On the outskirts of Naples, as many may know, is the not-so-subtle landmark that has a notorious name:  Mount Vesuvius, destroyer of the Roman city of Pompeii, or, if you look at it the other way, preserver of Pompeii.  We took the 30 minute train ride to the site, and were stunned by the absolute perfection and immensity of the place.  Mount Vesuvius is indeed right there, a beckoning invitation to disaster.  It is no different nowadays; we were surprised with how many buildings are built a fair way up the base of a still-active volcano.  I suppose you could say the same of many places prone to natural disasters.

The weather was odd, a mixture of freezing cold with dark clouds mingled with rain, thunder, lightning, sun, wind, and rainbows.  We saw Mount Vesuvius from Pompeii without snow cover, misted in cloud, gleaming in sun, or capped in white all within a few hours.

I'm not sure how to describe Pompeii except to state that it is exceptionally perfect.  It is difficult as a visitor to comprehend that what you are seeing dates back approximately two milleniums or more.  Graffiti still lines some walls (according to the audio guide we were listening to, the gladiator's barracks near the amphitheatre has graffiti written by a gladiator stating that NO woman could resist him; well, maybe only a few), mosaic tiled floors display complex, beautiful patterns, wood ovens could arguably still be used, ancient baths retain their perfect shape, the amphitheatre and forum are close to immaculate.  Unlike many archeological and ancient sites, Pompeii does not require the extent of imagination to visualize what it would have looked like.  The city was surprisingly large and complex, the city planning was extensive.  Areas for commerce, areas for relaxation, areas for politics, and areas for living... it was all there.  I was completely blown away.  Scott and I could not believe its size.  Pompeii is perfect, in spite of and because of its catastrophic end.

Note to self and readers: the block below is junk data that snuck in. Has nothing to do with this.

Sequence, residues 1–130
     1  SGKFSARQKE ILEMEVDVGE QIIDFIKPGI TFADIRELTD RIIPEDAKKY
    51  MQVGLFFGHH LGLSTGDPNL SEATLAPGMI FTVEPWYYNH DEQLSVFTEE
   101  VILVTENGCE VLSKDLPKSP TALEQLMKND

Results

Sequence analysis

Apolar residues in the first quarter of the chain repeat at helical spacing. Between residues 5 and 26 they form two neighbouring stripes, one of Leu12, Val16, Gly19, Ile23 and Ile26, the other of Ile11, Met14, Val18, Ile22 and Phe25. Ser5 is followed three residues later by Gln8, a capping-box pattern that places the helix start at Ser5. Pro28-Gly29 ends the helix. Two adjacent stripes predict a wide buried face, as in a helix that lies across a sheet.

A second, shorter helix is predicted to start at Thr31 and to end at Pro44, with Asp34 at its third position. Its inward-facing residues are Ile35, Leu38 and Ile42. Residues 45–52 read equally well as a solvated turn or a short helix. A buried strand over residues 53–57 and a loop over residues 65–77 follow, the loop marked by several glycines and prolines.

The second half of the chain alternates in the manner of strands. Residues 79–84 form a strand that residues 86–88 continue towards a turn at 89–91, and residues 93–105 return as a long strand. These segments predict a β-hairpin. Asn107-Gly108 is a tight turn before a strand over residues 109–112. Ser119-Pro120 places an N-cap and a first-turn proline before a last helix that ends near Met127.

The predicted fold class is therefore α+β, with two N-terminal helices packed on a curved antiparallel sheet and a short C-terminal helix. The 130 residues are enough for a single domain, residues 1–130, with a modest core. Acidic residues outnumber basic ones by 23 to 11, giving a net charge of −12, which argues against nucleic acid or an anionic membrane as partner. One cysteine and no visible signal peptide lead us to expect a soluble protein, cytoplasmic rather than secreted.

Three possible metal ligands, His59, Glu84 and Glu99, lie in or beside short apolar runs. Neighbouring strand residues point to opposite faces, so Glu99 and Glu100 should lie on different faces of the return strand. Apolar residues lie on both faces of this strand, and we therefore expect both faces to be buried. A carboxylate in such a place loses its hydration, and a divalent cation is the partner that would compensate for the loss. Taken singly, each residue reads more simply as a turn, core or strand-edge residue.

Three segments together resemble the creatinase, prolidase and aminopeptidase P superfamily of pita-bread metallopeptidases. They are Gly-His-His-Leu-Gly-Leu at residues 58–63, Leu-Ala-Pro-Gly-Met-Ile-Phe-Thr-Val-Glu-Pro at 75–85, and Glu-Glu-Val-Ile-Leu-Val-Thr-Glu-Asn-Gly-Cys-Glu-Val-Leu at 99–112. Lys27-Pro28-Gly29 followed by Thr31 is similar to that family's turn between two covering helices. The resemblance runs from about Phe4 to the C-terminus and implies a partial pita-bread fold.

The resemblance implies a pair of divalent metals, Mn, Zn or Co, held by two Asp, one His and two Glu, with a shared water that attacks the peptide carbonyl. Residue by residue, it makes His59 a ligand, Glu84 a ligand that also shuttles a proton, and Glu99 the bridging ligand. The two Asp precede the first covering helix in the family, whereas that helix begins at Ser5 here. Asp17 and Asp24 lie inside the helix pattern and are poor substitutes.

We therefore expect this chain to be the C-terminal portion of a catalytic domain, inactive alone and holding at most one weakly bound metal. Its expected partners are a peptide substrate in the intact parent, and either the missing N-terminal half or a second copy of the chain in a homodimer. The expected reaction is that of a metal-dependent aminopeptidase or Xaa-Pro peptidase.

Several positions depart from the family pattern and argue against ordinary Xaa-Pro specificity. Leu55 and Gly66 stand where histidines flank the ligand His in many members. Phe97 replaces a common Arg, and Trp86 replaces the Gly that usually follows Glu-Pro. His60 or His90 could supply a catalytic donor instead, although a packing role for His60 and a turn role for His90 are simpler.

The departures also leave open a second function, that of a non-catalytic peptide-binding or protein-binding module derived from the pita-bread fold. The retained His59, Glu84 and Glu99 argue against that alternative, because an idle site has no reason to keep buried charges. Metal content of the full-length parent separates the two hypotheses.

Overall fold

The ultimate in spine-chilling - admittedly I really wanted to see this - were the plaster casts of the preserved victims outlines, created by the archeologist in the late 1800's that discovered the bodies.  The ashes from the eruption preserved everything, including facial expressions, and it is horrific and fascinating to "see" a person from that long ago in their moment of appalling death.  The casts are randomly placed throughout Pompeii, and there was a house, immaculately preserved (you could almost live in it) that held a couple of these.  One cast was in a dark, small room and upon entering it I completely freaked out when I saw the "body" and ran out, I couldn't take it!  I know, chicken, but I'm the type that gets scared at haunted houses and this was like entering a real haunted city.  Somebody else, like Scott, could indulge in the small, dark rooms with plaster casts of dead people.  Not me, thank you.

And hence we reach the end of Italy, part one.  How fortunate are we to have seen two ancient civilizations, Troy and Pompeii within a week?  Even if you are not a history buff I dare anyone not to be excited by the thought, or reality, of visiting such places.  Ciao, until next time!

Canaussie rating:

 

Pizza at da Michele: 5

Patras to Bari ferry: 5

Pompeii: 5

Naples: 2 .... Sorry, I know it was bad timing with the garbage scandal, but such was our experience, and we felt like we really, really needed to watch our possessions, we have never felt like that before.
 
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Comments

hotstepper75
hotstepper75 on

Pompeii
Pompeii 1500 years old? The city dates back to about 500BC and Vesuvius erupted in 79AD - I'll leave the maths up to you...

canaussie
canaussie on

Re: Pompeii
Wow, I must have been half asleep when I wrote that. I must have subtracted 500 from present time, forgetting the BC, just a bit important! You are right, and it's been fixed. Thank you for finding that.